We tried to go see the Cliffs of Moher.

“We are sorry, the cliffs are closed due to an outbreak of foot-and-mouth disease.”

My husband: “How do you close cliffs??”

After a few days we got tired of seeing castle after castle. Besides, there was only one I really wanted to see: Blarney Castle.


We had stayed in a hotel in Cork, which reminded me a lot of our local naval port town. It was less charming than some of the other places we had been. However, our accommodations got increasingly nicer every night.

Blarney Castle was teeming with tourists, as one might expect just a few days before St. Patrick’s day. We made our way through, and up the steps towards the infamous Blarney stone. I didn’t really know what to expect. I can tell you for absolute certain that I did not anticipate being hung upside down facing out off the top of a castle turret. And it wasn’t until my husband refused to do it with me, saying, “Gross, I wouldn’t put my lips on that slimy rock that has had millions of other lips on it. I might catch foot-and-mouth disease,” that it ever occurred to me that this truly was a disgusting thing to do.

There is a hole in the brick floor where two men hold your torso and then lower you through, where you find yourself literally hanging off the side of the castle. How in the world this became something to do is truly a mystery to me. It was terrifying.

blarney stone

Did it give me the “gift of blarney?” You tell me.

After Cork we went on to Waterford, where we took a tour of the Waterford crystal factory. We found an internet café (Remember those?!) and emailed our kids.

By the time we got back to Dublin, we decided that we were going to stay in the nicest hotel we had seen on Grafton Street. We never stayed in a single bed and breakfast. Speaking of breakfast, my full Irish breakfast that became my half Irish breakfast, soon became just an egg and a piece of toast. I found myself craving fresh fruit.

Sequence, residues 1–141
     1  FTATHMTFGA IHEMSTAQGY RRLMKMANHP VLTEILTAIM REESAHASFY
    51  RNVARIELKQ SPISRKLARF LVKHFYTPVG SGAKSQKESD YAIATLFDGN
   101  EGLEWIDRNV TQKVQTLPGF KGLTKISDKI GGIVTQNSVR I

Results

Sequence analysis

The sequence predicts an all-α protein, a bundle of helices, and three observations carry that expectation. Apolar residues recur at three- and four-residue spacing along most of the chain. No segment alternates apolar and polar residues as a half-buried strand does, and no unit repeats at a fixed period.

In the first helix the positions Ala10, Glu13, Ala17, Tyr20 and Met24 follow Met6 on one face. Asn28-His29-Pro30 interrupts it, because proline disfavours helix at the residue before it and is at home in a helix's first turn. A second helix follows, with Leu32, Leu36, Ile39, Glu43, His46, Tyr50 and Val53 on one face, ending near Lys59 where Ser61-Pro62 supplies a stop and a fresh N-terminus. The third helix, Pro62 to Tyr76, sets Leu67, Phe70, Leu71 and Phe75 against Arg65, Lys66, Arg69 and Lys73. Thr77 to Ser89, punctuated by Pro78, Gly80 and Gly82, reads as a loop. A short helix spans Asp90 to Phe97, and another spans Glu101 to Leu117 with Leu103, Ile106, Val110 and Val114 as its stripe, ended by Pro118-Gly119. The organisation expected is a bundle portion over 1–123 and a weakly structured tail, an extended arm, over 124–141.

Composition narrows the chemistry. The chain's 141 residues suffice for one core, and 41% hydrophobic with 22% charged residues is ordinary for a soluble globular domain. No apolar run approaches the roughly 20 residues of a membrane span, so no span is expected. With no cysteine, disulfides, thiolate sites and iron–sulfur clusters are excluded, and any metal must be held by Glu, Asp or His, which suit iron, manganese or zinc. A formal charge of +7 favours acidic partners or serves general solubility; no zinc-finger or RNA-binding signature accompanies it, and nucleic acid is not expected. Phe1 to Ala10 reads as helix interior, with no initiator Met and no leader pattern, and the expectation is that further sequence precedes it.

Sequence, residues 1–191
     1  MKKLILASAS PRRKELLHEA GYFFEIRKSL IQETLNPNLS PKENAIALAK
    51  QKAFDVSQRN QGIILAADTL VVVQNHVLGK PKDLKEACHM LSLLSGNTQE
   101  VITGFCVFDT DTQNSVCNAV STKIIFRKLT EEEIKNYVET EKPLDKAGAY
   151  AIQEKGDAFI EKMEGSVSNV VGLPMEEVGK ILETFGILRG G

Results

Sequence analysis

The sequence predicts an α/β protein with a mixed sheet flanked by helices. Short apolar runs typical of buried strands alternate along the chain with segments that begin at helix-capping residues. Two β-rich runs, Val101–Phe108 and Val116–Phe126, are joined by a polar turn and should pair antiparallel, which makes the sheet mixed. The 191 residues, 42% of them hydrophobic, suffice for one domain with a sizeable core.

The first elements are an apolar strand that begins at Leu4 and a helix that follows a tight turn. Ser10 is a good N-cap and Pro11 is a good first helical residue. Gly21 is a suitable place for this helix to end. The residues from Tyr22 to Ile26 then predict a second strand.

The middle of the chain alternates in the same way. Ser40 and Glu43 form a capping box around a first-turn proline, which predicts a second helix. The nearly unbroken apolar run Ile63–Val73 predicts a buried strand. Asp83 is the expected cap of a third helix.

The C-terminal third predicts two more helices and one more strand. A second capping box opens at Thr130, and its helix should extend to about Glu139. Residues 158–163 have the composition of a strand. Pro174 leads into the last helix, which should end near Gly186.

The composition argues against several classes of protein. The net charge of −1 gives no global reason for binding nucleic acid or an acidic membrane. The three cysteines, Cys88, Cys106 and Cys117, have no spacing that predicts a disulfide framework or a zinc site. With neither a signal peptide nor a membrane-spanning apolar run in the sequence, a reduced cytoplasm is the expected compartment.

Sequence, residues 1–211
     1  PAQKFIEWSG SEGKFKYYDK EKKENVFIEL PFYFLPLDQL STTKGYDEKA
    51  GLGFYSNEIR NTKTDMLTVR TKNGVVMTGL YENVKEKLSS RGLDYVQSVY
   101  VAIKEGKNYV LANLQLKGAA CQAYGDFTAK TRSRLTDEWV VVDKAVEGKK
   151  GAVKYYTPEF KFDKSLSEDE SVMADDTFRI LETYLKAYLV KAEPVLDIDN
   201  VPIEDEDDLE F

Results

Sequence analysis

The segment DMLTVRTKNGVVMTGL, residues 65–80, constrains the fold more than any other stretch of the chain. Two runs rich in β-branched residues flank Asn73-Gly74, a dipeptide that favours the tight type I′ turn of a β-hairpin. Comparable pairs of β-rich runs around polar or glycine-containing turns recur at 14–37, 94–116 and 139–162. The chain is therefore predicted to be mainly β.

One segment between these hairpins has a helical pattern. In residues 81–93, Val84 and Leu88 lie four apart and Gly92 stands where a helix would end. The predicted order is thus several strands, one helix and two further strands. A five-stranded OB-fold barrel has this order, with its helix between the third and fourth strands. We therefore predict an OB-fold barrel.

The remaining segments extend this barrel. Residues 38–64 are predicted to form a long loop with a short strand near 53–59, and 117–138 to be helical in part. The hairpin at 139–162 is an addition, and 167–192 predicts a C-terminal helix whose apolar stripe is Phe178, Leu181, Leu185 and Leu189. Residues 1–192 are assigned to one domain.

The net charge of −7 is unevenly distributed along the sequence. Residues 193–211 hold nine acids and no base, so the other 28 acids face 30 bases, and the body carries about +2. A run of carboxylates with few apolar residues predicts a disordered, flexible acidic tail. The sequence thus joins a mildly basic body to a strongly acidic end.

I wasn’t a fan of the food there, I must admit. They put onion soup mix in their ground beef. I was craving a real burger so badly I could hardly stand it.

Jeff said, “On our next big trip, let’s go someplace that’s known for its food. Like Italy.”

After I got back to Seattle, I got a call from Jeff.( His tour story is a whole other blog for another time. )

Me: How’s it going there?

Him: Well, ok, I guess. The people aren’t very happy because the parade has been cancelled.

Can you imagine? You save your money and go on a trip to Ireland culminating in the St Patrick’s day parade in Dublin, and it gets cancelled because of a foot-and-mouth disease outbreak.

So much for the luck of the Irish. Maybe Irish luck is really just people drinking enough to not remember that things aren’t going well.

stpats2013Last year’s St Patrick’s day table



Is That A Pussy Willow In Your Ear Or Are You Just Happy To See Me?


My mother gave me a gift the other day.

Or DID she?

I’m starting to think she might have a bit more of a sadistic sense of humor than I ever gave her credit for.

I mean, think of one of your greatest childhood traumas. Now imagine your mother giving you a kitchen towel with the source of that trauma emblazoned on it; Like that creepy clown from the circus that gave you nightmares, or a photo of the bad perm that had everyone calling you “poodlehead” for a month.